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Russia says OSCE to blame in dispute over election monitoring

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The Russian Foreign Ministry said on Thursday that the heads of the Organization for Security and Cooperation in Europe's election monitoring body were to blame for damage to relations with Russia.
MOSCOW, November 22 (RIA Novosti) - The Russian Foreign Ministry said on Thursday that the heads of the Organization for Security and Cooperation in Europe's election monitoring body were to blame for damage to relations with Russia.

"Responsibility for damage inflicted to our ties with the ODIHR [The OSCE's Office for Democratic Institutions and Human Rights] lies fully with the ODIHR leadership, as well as with those who prompted their actions," spokesman Mikhail Kamynin said in a statement published on the ministry's website.

The OSCE announced last week it would be unable to attend Russia's December 2 parliamentary elections due to "unprecedented" restrictions, saying that its monitors had been "continuously denied entry visas into Russia". The organization also accused Moscow of being unwilling to cooperate.

Kamynin denied the allegations, saying Moscow had fulfilled all its commitments, but had only seen in reply "a demonstrative unwillingness to follow procedures defined by Russian law".

The spokesman said its commitments were to invite observers, but that "no agreements regulating the parameters of election monitoring have been concluded at an interstate level in the OSCE". He also said that Russia does not accept that ODIHR "internal instructions" are an accepted standard to be used in election monitoring.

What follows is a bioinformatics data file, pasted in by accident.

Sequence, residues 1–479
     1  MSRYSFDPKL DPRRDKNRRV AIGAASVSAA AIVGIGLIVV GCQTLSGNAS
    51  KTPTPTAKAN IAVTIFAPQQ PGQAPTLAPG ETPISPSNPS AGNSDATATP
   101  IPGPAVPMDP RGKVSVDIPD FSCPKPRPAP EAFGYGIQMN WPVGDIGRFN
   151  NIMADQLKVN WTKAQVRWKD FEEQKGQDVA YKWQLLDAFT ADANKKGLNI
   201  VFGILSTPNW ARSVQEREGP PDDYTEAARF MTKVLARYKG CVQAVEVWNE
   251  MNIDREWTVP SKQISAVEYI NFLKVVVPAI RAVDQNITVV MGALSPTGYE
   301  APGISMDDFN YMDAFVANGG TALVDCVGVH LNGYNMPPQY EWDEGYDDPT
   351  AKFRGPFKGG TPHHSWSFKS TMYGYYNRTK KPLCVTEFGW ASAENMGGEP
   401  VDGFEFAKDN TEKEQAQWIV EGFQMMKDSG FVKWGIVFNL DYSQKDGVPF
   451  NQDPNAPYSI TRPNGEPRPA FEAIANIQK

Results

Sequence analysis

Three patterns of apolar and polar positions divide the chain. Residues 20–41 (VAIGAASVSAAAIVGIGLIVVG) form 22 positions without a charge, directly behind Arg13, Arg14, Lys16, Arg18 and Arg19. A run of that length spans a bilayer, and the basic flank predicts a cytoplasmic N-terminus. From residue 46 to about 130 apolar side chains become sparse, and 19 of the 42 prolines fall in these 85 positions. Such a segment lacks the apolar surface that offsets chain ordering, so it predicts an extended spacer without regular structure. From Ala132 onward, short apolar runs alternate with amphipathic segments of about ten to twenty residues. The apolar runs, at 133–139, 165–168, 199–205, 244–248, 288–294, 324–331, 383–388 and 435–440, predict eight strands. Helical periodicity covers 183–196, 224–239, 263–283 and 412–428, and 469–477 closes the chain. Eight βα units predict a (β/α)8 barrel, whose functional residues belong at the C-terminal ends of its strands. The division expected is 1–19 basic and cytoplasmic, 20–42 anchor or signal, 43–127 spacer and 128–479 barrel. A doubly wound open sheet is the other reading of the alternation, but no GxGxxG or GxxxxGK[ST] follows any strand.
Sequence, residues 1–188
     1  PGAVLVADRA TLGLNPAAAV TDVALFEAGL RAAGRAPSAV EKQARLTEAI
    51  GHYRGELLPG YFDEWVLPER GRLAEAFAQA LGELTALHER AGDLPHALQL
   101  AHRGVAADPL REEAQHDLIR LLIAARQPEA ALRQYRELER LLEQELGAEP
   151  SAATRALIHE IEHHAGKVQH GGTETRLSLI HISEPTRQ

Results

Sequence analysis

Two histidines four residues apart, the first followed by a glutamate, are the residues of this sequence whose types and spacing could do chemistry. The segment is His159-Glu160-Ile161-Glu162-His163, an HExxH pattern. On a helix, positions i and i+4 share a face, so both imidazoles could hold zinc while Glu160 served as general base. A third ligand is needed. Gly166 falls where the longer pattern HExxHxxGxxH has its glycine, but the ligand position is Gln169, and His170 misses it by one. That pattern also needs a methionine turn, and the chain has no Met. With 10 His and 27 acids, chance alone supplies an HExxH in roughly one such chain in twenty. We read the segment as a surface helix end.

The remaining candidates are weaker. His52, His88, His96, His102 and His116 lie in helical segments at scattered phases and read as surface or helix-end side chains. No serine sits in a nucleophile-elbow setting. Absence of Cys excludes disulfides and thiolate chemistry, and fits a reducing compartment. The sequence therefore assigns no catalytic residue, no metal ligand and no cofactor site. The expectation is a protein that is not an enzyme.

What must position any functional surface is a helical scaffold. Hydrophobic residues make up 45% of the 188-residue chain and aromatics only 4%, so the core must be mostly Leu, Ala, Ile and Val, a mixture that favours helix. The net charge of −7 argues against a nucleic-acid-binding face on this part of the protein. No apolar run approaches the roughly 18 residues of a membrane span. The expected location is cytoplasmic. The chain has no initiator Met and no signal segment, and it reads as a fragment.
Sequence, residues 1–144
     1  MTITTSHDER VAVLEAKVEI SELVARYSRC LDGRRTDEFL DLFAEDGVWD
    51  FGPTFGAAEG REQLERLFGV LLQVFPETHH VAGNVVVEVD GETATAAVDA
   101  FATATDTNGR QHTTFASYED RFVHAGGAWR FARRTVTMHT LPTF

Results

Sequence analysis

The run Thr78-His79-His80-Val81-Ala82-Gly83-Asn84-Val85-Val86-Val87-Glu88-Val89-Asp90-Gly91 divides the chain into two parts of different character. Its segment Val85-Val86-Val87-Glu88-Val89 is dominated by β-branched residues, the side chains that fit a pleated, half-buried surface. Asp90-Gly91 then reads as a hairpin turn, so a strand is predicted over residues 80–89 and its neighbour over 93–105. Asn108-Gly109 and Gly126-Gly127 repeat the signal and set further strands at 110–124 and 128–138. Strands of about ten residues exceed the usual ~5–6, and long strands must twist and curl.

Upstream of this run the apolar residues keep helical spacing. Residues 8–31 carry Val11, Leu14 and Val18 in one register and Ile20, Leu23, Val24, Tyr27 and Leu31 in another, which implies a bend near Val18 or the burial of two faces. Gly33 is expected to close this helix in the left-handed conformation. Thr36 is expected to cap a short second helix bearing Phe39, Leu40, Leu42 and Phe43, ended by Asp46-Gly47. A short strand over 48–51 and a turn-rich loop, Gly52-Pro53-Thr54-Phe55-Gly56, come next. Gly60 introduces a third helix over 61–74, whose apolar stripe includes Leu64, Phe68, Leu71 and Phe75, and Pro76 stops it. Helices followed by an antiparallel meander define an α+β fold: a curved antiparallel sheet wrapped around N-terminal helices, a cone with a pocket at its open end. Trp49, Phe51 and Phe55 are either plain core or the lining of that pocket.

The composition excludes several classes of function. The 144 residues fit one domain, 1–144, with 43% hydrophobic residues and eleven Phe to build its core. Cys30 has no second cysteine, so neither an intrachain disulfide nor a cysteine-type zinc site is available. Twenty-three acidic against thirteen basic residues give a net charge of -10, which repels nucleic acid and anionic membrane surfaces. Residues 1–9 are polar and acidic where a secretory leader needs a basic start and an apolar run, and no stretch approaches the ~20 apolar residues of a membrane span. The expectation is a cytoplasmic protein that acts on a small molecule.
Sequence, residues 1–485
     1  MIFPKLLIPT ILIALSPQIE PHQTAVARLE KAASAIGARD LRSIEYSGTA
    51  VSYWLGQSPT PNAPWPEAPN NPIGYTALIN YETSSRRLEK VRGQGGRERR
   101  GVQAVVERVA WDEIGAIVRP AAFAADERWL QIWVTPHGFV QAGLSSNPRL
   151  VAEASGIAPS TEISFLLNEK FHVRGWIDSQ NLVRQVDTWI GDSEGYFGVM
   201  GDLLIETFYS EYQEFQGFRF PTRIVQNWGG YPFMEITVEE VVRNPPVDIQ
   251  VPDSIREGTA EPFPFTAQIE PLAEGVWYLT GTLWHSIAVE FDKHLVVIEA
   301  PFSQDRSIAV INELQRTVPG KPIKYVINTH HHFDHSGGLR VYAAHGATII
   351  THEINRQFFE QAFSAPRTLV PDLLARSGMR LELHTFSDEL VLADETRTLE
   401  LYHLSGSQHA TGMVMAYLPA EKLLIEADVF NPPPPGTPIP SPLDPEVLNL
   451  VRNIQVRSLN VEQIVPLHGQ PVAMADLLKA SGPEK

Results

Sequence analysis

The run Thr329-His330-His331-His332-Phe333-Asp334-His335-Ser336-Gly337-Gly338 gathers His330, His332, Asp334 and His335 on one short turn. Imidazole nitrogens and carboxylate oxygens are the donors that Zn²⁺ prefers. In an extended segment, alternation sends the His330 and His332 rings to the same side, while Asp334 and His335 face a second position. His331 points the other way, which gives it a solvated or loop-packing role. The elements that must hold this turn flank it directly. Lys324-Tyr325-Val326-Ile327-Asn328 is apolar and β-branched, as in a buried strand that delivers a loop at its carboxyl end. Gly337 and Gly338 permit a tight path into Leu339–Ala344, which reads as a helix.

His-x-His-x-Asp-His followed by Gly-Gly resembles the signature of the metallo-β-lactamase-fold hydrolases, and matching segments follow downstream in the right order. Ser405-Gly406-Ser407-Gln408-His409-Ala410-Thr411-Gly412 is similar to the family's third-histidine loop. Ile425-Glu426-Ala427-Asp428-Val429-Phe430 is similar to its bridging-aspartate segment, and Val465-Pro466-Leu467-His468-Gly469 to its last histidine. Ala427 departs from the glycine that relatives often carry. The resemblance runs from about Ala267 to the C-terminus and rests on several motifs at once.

The State Duma, Russia's lower house, is currently dominated by the pro-Kremlin United Russia. President Putin announced in October that he would head the party's candidate list at the elections, a move which has all but guaranteed United Russia a resounding victory at December's polls.

However, the OSCE's presence at elections is seen as vital by most Western governments, and the current crisis will do little to counter mounting criticism of a perceived Kremlin crackdown on democratic principles.

The head of Russia's Central Election Commission, Vladimir Churov, earlier insisted that accreditation documents had been sent to the OSCE on time, and said its refusal to monitor the polls was surprising.

"All the relevant documents, including visas, are with the Warsaw-based ODIHR office. I do not see what could have prompted such a decision," he said.

Churov also said that the number of monitors would be the same as earlier planned, despite the refusal of the ODIHR to attend, as Russia will "simply divide the ODIHR's quota between other foreign missions".

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